If you are looking to preserve some of your wealth for beneficiaries after you move on, then you may need to look at the many types of trusts in Naperville that are available. An attorney could help you do just that, but especially because there are so many and not every one could be of use.
A testamentary trust is a trust that is created by and through a will. Things definitely get more complicated when a testamentary trust plan is used. A testamentary trust still needs to go through probate because the executor of a will is in charge of collecting all the assets and paying all the debts. Once that is done, instead of distributing it to the beneficiaries outright, the trust is distributed to a trustee who is named in the will and then that money is administered pursuant to the terms in the will. Essentially, it is a mini trust that is built into a will.
A freestanding trust is a trust that is a separate document. In a way, it is opposite to that of a testamentary trust. A freestanding trust exists separate and apart from a will takes on many forms.
Among the many types of trusts in Naperville, a revocable living trust is basically what most people think of when they think of trust. It is a document that creates a trust that is fully revocable and fully amenable by the person who creates it. In the vast majority of situations, a revocable living trust names the person who creates the trust as the initial beneficiary and the initial trustee. What this means is that while the person is alive and not disabled, they may make any type of amendment they want to the trust. If unsatisfied by the trust or unforeseen circumstances, they are able to revoke it outright.
Because revocable living trusts are drafted while are alive, they have all the power that they want over the assets that are in the trust as if it was outside of the trust. It turns into a separate kind of a separate pocket that a person might have where one pocket does everything that is in their individual name, then the other pocket is assets that are in their revocable living trust.
There are no restrictions on how someone may use their own property.
An irrevocable trust is a trust that cannot be revoked and there are usually restrictions on amendments. The main difference is that once assets are putting in an irrevocable trust, then the ability of the grantor to get those assets is restricted in some way. In an irrevocable trust, they put that money in there, it is no longer just another one in your pockets because there are restrictions on how they are able to access it or use it or get it out.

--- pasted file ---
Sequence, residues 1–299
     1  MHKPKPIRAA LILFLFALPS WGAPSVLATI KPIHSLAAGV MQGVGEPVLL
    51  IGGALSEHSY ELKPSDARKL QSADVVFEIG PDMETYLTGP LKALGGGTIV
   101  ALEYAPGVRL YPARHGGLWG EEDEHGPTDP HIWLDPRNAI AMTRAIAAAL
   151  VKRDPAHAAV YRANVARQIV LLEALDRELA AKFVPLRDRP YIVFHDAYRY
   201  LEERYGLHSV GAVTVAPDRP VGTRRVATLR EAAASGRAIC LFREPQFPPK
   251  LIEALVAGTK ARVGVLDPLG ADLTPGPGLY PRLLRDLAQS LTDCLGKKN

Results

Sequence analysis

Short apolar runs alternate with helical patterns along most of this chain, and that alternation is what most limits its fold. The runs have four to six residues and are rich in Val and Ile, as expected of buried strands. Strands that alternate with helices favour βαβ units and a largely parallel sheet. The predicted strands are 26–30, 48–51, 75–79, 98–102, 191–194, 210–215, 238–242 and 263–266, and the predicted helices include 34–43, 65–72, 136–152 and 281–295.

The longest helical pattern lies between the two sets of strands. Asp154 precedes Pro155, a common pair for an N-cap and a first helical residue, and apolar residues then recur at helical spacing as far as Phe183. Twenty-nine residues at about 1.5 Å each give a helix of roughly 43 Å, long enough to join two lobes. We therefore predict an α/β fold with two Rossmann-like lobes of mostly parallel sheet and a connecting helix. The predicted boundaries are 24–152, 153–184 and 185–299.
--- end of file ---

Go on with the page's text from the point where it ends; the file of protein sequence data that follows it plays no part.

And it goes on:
An asset protection trust generally refers to the ability of the assets and the trust to be protected from creditors including an ex-spouse or judgment. As the estate tax exemption continues to rise, one of the more clearly beneficial aspects of estate planning and trust creation is the asset protection aspect. If families have large trust estates and they want to make sure that the money lasts through the generations, they give it to a trustee of an asset protection trust.
Then, the beneficiaries of the trust, if they get sued, have bad business debt, or divorce, then it is difficult for a creditor or from an ex-spouse to attach to the assets of that trust. However, there is no complete protection against getting sued. A motivated creditor may try to get at the assets, even in an asset protection trust, but the more protections that they put in place, and the more barriers there are to that creditor actually obtaining those assets.
A lot of times, some people may decide to have their trust property pass in successive trusts. That way, their children do not spend it all or become a victim to creditors or an ex-spouse. Asset protection is basically a way to protect assets for future generations from current day creditors.
A charitable trust is a trust whereby the beneficiaries are all organizations that meet the definitions of a charitable organization pursuant to the tax code, so 501(c)(3).
A special needs trust is a trust that allows a beneficiary who is receiving government benefits to continue receiving government benefits while money is available in the trust to supplement those benefits. There are various different kinds of special needs trusts, but the gist of it is to allow generally a person with a developmental disability or other sorts of disability to be able to access government benefits such as Medicaid, while at the same time, there is money that could supplement that. There are certain specific provisions that need to be in a special needs trust in order to make sure that the assets that are in it do not qualify as assets available to the beneficiary who is receiving the special needs assistance.
A bypass trust is a trust that essentially bypasses certain generations and restricts the income that is available to the current beneficiaries. A common situation is an irrevocable trust, which is designed to pay certain income and according to the trustee principle to the spouse for the duration of their life. While the spouse is alive, the funds in that trust are available for their benefit, but upon their death, it goes to other beneficiaries, such as the children. One of the goals of that trust is also to preserve certain amounts of principals, so it could be passed on to other beneficiaries like the children.
There are many types of trusts in Naperville. Discovering which one could best suit your needs and the future needs of your beneficiaries could be a laborsome task. Instead of doing research on your own, reach out to an attorney. A legal professional could draft a trust and have it suit your desires. Call today.